The Czechoslovak Review/Volume 1/Appeal of Bohemian pastors
APPEAL OF BOHEMIAN PASTORS
Fathers and Brethren:
Through the Providence of God our nation has been called to sit in council and put its spirit and heritage to weigh in the formation of the future tendencies of humanity. Our President, almost in prophetical uplift, expressed the aspirations of the humble of the world: “to vindicate the principles of peace and justice in the life of the world; the right of nations, great and small, and the privilege of men everywhere to choose their ways of life and obedience.”
This land of ours, consecrated before God to freedom of body, mind and soul, has been to these lowly men the beacon light of a new day in their lives and destinies. Here they came, breathed in the spirit of the free. Some have returned and brought back new strength and new visions. The others have said, “Your God, my God, your people, my people, your country, my country.”
Of the last are your petitioners. We know only one country, the country over which wave the Stars and Stripes.
However, our cradles stood in the land of John Hus, in Bohemia. Still all our own is united in this common wealth of the ideals of America. Only a short prayer we carry, that looks back to the place of our cradles, a prayer, that we learned from the lips of our mothers the prayer of the last bishop of the Bohemian Brethren, John Amos Comenius: “I trust in God, that when the storm of wrath has passed, which our sins have called upon our heads, that the rule of thy things shall return again unto thee, O Czech people.”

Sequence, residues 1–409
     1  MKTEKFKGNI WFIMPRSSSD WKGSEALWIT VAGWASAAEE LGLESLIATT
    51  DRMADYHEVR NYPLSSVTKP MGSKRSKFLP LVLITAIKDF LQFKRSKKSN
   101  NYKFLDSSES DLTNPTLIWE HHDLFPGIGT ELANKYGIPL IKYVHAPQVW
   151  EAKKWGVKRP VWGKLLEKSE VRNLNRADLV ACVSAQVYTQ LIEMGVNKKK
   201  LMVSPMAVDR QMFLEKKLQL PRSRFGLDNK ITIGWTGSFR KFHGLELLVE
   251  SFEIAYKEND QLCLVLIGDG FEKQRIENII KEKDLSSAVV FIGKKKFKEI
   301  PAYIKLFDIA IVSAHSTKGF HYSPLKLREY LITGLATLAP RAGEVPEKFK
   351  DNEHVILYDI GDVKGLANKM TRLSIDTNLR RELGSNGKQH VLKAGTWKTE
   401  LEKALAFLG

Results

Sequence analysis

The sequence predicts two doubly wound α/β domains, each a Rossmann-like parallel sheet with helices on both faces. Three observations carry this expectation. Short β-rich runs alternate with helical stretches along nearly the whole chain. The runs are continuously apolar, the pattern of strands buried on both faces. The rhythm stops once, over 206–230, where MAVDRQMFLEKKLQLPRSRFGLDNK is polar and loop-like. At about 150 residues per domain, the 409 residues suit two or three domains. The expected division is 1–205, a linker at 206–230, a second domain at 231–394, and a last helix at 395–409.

Fathers and Brethren, in this time when God through fire unites the hearts of men, we would not offend against our brother. But it must be said. When the spiritual and church autocracy was supreme, God through John Hus gathered around the “Book and the Cup” and around the liberty of the sons of God—the whole Bohemian nation. In the defense of this privilege the Bohemian Nation almost bled to death. In 1648 when, after the Thirty Years War, the destinies of Europe were established in the treaty of Westphalia, the sacrifical service of Bohemia was forgotten by the mighty and of all countries Bohemia alone was left to the mercies of the Hapsburg and the Jesuit.
God in His great mercy, however, did not forget. In the resurrection of nations at the beginning of last century, He called Bohemia to stand for justice of small nations. That was ever the program and the struggle of Czech in Austria. In religious matters the Czechs and the Slovaks are the only Slavic nations south of Russia that have any large Protestant body to speak of.
In view of the above facts the undersigned respectfully petition through the General Assembly the Presbyterian Church, that in the prayers for freedom of nations the Czechs and Slovaks be included and that in the councils, in which representatives of the United States shall sit, the Czechs and Slovaks be not forgotten, as they were in the year 1648.
In the free world, that under God’s Providence is to come, let the CZECHS and the SLOVAKS be free also.